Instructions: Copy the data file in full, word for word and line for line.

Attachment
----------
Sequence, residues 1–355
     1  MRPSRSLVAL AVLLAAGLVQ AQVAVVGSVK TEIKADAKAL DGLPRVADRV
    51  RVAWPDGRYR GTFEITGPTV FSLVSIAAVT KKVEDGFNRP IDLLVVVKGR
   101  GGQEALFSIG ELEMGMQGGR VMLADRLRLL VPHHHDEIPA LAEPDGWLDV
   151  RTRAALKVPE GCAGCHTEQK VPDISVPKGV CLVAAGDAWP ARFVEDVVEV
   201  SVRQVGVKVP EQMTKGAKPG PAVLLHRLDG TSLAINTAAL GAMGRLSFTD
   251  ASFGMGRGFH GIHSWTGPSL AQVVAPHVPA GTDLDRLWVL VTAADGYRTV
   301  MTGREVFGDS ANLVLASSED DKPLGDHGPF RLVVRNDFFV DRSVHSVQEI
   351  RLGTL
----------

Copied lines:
Sequence, residues 1–355
     1  MRPSRSLVAL AVLLAAGLVQ AQVAVVGSVK TEIKADAKAL DGLPRVADRV
    51  RVAWPDGRYR GTFEITGPTV FSLVSIAAVT KKVEDGFNRP IDLLVVVKGR
   101  GGQEALFSIG ELEMGMQGGR VMLADRLRLL VPHHHDEIPA LAEPDGWLDV
   151  RTRAALKVPE GCAGCHTEQK VPDISVPKGV CLVAAGDAWP ARFVEDVVEV
   201  SVRQVGVKVP EQMTKGAKPG PAVLLHRLDG TSLAINTAAL GAMGRLSFTD
   251  ASFGMGRGFH GIHSWTGPSL AQVVAPHVPA GTDLDRLWVL VTAADGYRTV
   301  MTGREVFGDS ANLVLASSED DKPLGDHGPF RLVVRNDFFV DRSVHSVQEI
   351  RLGTL